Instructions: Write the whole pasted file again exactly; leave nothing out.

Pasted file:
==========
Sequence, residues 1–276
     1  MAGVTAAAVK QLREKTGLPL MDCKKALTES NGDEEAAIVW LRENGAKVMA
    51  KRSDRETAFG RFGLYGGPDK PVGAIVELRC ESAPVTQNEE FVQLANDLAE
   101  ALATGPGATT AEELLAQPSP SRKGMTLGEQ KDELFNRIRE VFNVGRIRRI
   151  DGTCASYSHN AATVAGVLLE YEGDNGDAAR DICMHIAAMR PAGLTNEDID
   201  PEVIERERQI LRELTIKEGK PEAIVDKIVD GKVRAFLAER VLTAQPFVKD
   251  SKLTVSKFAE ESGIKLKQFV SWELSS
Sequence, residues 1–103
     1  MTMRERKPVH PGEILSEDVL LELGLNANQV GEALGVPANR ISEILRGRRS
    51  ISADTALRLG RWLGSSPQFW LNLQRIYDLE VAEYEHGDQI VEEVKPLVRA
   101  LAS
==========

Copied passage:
Sequence, residues 1–276
     1  MAGVTAAAVK QLREKTGLPL MDCKKALTES NGDEEAAIVW LRENGAKVMA
    51  KRSDRETAFG RFGLYGGPDK PVGAIVELRC ESAPVTQNEE FVQLANDLAE
   101  ALATGPGATT AEELLAQPSP SRKGMTLGEQ KDELFNRIRE VFNVGRIRRI
   151  DGTCASYSHN AATVAGVLLE YEGDNGDAAR DICMHIAAMR PAGLTNEDID
   201  PEVIERERQI LRELTIKEGK PEAIVDKIVD GKVRAFLAER VLTAQPFVKD
   251  SKLTVSKFAE ESGIKLKQFV SWELSS
Sequence, residues 1–103
     1  MTMRERKPVH PGEILSEDVL LELGLNANQV GEALGVPANR ISEILRGRRS
    51  ISADTALRLG RWLGSSPQFW LNLQRIYDLE VAEYEHGDQI VEEVKPLVRA
   101  LAS